Vol. 6, No. 5
Hyde N. Sikh, quality manager for Gowinta Plastics, is preparing for the company’s annual ISO audit, aware of the fact that the auditors will want to see evidence of Gowinta’s commitment to statistical process control. “Charts ‘R Us,” he says to himself, cheerfully spinning control charts and capability studies from his new copy of CHARTrunner software.
Sikh’s conscientious assistant, May Sendixen, prepares a binder with more than a hundred charts. She notices that some of the Cpk’s are as low as .90 and as high as 1.7, so she brings these figures to the attention of her boss, asking Hyde N. Sikh to explain Cpk in simple terms. This, of course, is beyond Sikh’s capabilities, since it has been 10 years since he learned about Cpk, and by now he barely understands it himself. His only alternative is to obfuscate in order to maintain his fragile image of expert.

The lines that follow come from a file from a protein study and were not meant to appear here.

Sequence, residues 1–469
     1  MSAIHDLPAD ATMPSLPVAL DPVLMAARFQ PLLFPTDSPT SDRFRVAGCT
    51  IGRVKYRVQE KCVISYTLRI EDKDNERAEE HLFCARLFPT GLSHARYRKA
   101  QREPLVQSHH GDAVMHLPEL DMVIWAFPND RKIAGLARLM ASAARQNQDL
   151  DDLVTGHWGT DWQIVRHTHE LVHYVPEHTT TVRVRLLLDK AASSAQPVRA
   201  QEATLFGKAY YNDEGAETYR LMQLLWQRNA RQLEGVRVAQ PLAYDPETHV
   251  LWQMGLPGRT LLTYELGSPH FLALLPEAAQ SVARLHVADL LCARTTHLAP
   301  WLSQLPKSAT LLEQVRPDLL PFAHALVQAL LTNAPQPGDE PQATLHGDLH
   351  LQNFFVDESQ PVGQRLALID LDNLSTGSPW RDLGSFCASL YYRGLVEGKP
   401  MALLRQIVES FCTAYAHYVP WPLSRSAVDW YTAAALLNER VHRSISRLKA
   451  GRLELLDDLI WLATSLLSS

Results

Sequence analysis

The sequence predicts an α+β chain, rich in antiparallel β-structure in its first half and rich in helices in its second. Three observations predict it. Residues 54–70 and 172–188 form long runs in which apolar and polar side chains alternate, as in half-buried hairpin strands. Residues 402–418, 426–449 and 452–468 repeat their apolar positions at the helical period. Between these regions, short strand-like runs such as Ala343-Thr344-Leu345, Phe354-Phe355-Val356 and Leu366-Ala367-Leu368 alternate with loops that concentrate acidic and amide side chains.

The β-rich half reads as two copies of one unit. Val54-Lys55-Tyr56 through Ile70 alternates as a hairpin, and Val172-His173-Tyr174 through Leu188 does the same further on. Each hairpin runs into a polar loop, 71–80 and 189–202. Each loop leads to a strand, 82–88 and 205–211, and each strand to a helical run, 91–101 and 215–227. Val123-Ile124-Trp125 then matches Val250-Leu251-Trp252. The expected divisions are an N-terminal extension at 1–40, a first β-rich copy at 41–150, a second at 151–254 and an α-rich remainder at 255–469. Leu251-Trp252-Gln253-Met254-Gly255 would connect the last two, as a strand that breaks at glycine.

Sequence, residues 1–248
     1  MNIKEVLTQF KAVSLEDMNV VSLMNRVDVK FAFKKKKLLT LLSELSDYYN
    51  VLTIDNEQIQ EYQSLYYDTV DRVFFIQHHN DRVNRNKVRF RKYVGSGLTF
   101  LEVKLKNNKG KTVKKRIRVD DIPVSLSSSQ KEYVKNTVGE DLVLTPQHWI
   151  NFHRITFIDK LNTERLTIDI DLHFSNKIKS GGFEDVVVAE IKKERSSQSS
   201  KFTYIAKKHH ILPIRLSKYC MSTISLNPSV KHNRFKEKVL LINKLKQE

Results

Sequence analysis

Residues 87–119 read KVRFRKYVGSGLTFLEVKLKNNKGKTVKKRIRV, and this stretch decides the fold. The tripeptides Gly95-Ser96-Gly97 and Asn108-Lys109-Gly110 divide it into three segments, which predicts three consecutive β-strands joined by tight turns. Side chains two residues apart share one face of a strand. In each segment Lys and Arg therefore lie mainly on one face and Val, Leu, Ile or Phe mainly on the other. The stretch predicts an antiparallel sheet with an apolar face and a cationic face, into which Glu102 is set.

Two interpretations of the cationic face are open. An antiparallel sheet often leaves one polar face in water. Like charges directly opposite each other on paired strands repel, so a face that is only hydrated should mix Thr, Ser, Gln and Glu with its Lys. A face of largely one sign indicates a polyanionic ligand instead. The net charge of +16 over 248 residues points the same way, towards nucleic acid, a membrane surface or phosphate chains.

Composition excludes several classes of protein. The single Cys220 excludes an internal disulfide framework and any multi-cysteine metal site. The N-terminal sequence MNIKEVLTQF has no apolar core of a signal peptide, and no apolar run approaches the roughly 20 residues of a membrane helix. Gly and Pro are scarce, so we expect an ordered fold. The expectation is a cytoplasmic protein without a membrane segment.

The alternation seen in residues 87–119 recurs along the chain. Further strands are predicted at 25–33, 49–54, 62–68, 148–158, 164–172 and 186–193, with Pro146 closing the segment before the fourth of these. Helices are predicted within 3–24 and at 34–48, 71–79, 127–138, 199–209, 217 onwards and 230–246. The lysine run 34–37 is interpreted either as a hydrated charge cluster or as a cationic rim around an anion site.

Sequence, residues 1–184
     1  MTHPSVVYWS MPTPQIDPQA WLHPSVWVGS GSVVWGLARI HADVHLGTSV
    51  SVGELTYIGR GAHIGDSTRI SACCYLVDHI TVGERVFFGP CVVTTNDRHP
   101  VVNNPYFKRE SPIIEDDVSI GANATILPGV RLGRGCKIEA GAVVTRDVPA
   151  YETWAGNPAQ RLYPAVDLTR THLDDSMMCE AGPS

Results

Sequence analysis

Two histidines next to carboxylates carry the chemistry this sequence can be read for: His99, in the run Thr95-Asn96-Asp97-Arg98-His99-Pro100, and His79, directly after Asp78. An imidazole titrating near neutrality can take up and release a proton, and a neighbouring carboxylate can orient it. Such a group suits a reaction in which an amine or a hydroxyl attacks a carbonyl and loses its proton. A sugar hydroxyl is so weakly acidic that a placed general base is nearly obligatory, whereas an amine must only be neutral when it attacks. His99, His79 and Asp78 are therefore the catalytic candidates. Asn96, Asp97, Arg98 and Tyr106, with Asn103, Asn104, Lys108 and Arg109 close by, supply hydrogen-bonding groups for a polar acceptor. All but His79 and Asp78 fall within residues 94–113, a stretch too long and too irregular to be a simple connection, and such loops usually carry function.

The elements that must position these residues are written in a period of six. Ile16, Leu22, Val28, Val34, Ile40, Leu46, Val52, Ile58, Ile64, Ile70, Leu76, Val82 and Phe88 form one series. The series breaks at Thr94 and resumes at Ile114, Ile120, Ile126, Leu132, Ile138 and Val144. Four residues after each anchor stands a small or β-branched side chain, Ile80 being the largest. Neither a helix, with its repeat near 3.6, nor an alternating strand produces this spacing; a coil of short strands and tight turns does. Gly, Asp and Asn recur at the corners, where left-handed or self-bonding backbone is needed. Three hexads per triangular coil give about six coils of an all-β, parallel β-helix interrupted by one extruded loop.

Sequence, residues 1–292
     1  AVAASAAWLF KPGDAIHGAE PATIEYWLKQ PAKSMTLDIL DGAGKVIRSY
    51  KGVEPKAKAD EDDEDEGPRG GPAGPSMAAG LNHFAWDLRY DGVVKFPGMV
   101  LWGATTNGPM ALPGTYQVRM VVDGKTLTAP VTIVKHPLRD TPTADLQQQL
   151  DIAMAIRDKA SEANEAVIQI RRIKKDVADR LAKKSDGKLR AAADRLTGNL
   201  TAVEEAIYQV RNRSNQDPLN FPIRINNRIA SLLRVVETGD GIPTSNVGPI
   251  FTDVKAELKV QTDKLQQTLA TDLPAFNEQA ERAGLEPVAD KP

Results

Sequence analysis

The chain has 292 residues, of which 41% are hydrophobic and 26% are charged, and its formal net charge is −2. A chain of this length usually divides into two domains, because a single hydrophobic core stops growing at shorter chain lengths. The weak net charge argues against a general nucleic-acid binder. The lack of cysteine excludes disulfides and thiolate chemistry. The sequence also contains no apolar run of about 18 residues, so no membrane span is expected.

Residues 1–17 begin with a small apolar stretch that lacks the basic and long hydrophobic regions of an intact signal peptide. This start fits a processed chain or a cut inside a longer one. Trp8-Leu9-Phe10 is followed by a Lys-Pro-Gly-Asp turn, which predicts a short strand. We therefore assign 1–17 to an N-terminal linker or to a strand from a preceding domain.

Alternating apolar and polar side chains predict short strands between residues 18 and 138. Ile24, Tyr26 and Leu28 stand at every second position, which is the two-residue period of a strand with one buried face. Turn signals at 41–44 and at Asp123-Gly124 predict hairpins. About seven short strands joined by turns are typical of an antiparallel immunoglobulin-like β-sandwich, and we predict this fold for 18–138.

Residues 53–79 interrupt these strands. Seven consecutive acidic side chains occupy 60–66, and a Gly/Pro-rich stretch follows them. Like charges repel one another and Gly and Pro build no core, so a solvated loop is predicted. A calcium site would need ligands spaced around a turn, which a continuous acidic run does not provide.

“To calculate Cpk, use this formula,” he begins, writing the formula on a whiteboard:
is the smaller of :
May looks at the formula, but points out that it comes nowhere close to explaining Cpk to someone with no knowledge of it. Sikh says, “Oh, all right. It’s very simple. If you have a Cpk of .95, that means that 95 percent of your parts are good. It’s like getting an A on your final exam.”
Is Hyde N. Sikh’s analogy a sound one?
Copyright 2004 PQ Systems.
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